Once again theatre demonstrated its expression of more probing and immediate political content than other art forms – this time via two productions from the Hindi belt (therefore more courageous) at Little Thespian’s national Jashn-e-Rang, fast becoming a platform for idealistic dissent. Both of them deserve a callback to stimulate the larger discerning audiences in our city.
The high artistic standard of Patkatha by Dastak (Patna) took me by surprise. I did not expect a dramatization of Dhumil’s poem to have this impact, though we know of him as the angry young man of Hindi poetry. He had a connection with Kolkata, where he got his first job as a labourer; sadly, he died prematurely. His awareness of commoners’ lives and their betrayal by the authorities seep through Patkatha, which cries out for justice and civil society at the grass-roots level. Director Punj Prakash and actor Ashutosh Abhigya, in a bravura solo using just a few props (see photo), refrain from sentimentalizing the issues, instead applying profound irony to expose the establishment. No wonder the National School of Drama (where Prakash studied, and usually partial to their alumni) rejected Patkatha from their theatre Mahotsav.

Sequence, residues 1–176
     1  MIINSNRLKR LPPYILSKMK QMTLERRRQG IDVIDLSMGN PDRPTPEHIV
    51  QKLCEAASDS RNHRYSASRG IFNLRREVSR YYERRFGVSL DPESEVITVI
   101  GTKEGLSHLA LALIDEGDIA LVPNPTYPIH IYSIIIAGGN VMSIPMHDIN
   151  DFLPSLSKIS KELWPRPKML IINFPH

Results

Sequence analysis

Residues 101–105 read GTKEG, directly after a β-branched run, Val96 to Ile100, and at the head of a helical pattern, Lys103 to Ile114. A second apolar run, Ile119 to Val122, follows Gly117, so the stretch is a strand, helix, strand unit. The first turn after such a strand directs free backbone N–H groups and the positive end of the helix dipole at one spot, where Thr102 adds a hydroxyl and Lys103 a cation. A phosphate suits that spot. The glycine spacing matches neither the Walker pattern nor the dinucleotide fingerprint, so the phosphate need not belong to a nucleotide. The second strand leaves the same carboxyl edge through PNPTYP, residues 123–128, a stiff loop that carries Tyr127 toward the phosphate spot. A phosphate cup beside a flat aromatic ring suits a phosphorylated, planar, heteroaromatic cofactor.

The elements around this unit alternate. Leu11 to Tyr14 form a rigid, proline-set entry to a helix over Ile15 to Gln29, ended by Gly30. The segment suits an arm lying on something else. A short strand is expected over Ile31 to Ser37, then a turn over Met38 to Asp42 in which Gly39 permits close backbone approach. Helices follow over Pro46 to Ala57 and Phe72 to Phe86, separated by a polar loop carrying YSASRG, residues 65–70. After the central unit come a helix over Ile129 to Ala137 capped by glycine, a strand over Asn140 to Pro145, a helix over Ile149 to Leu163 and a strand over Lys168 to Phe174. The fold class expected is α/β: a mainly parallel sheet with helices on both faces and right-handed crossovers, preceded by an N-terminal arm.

Vivechna Rangmandal (Jabalpur) presented senior playwright Asghar Wajahat’s controversial Gandhi. Originally titled Godse@Gandhi.com, it paints a “what if” scenario in which Gandhi survives the assassination attempt, recommends the dissolution of the factious Congress because it has served its purpose of winning freedom, and himself sets up an ashram in a district where he establishes model self-governance in surrounding villages. Since this goes against the political system in independent India, he lands up in jail, where he purposely chooses the same ward that holds Godse to converse with him, eventually converting Godse to his beliefs.
The extended debates hinge on their diametrically opposite interpretations of the book that both regard as sacred: the Bhagavad Gita. Mehul Yadav and S. Shridhar respectively enact the calm and reasonable Gandhi and the inflamed Godse with intensity, but most of the others (especially a superfluous subplot of two ashramite lovers) have cardboard characterizations. Arun Pandey merits praise for choosing to direct such a thought-provoking script in today’s climate.
(From The Times of India, 29 November 2019)